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Report on Soputan (Indonesia) — May 1985


Scientific Event Alert Network Bulletin, vol. 10, no. 5 (May 1985)
Managing Editor: Lindsay McClelland.

Soputan (Indonesia) Seven-hour tephra eruption; jumbo jet flies through plume

Please cite this report as:

Global Volcanism Program, 1985. Report on Soputan (Indonesia) (McClelland, L., ed.). Scientific Event Alert Network Bulletin, 10:5. Smithsonian Institution. https://doi.org/10.5479/si.GVP.SEAN198505-266030



1.112°N, 124.737°E; summit elev. 1785 m

All times are local (unless otherwise noted)

An ash eruption from Soputan's main crater occurred 19-20 May from 1815 to 0130. The eruption column rose to 4 km altitude, and ~2 cm of ash (fine to coarse) accumulated at villages (Kawangkoan, Langoan, Noongan, and Ratahan) 9-12 km from the crater. There were no casualties and no evacuations were necessary. The volcano has remained quiet since 22 May.

On 20 May at 0058, a jumbo jet en route from Hong Kong to Sydney, Australia, with 267 passengers and 16 crew members encountered the ash cloud ~80 km SSE of the volcano (approximately 0.5°N, 124.54°E). An orange glow discharged from the nose of the aircraft and orange sparks passed over the windshield. Engine inlets were illuminated by a white light. A light haze that smelled like burnt dust filled the cabin, and ash accumulated on flat surfaces. These effects continued for 7-8 minutes, while the aircraft remained on course at 0.85x the speed of sound, for a distance of roughly 120-135 km. The aircraft continued to Sydney, arriving 4 hours after exiting the ash cloud, and landed uneventfully. Because of damage caused by the ash cloud, it was necessary to replace all four of the aircraft's engines, other navigational components, and more than a dozen windows.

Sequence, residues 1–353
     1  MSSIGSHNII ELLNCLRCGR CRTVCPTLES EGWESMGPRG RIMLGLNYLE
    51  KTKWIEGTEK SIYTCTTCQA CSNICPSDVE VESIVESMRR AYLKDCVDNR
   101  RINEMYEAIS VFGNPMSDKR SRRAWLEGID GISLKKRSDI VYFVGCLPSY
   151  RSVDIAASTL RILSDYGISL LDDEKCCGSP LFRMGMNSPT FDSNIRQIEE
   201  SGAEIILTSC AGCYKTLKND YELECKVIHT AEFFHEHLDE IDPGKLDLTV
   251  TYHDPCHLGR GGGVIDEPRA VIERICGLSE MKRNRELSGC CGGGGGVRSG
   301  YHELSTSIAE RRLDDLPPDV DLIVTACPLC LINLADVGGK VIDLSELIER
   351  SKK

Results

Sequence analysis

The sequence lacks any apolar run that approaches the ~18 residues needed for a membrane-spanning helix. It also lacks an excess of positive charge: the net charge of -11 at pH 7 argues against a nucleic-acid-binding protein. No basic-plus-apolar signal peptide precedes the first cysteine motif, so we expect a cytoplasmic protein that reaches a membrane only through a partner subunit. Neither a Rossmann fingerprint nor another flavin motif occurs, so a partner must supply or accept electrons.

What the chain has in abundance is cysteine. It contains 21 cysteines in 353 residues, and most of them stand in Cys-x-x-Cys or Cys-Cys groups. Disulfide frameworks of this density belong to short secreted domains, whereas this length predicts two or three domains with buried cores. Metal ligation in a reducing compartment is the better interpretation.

The TOMS instrument on the NIMBUS 7 polar orbiting satellite detected an area of SO2 enhancement SE of Soputan during its pass at local noon on 20 May. The area of enhancement extended from about 124.5°E to 126°E near the equator and from about 125°E to 127°E at 1.5°S with the maximum at about 1°S, 126°E.

Geological Summary. The Soputan stratovolcano on the southern rim of the Quaternary Tondano caldera on the northern arm of Sulawesi Island is one of Sulawesi's most active volcanoes. The youthful, largely unvegetated volcano is the only active cone in the Sempu-Soputan volcanic complex, which includes the Soputan caldera, Rindengan, and Manimporok (3.5 km ESE). Kawah Masem maar was formed in the W part of the caldera and contains a crater lake; sulfur has been extracted from fumarolic areas in the maar since 1938. Recent eruptions have originated at both the summit crater and Aeseput, a prominent NE-flank vent that formed in 1906 and was the source of intermittent major lava flows until 1924.

Information Contacts: VSI; Boeing, Seattle, WA; A. Krueger, NASA/GSFC.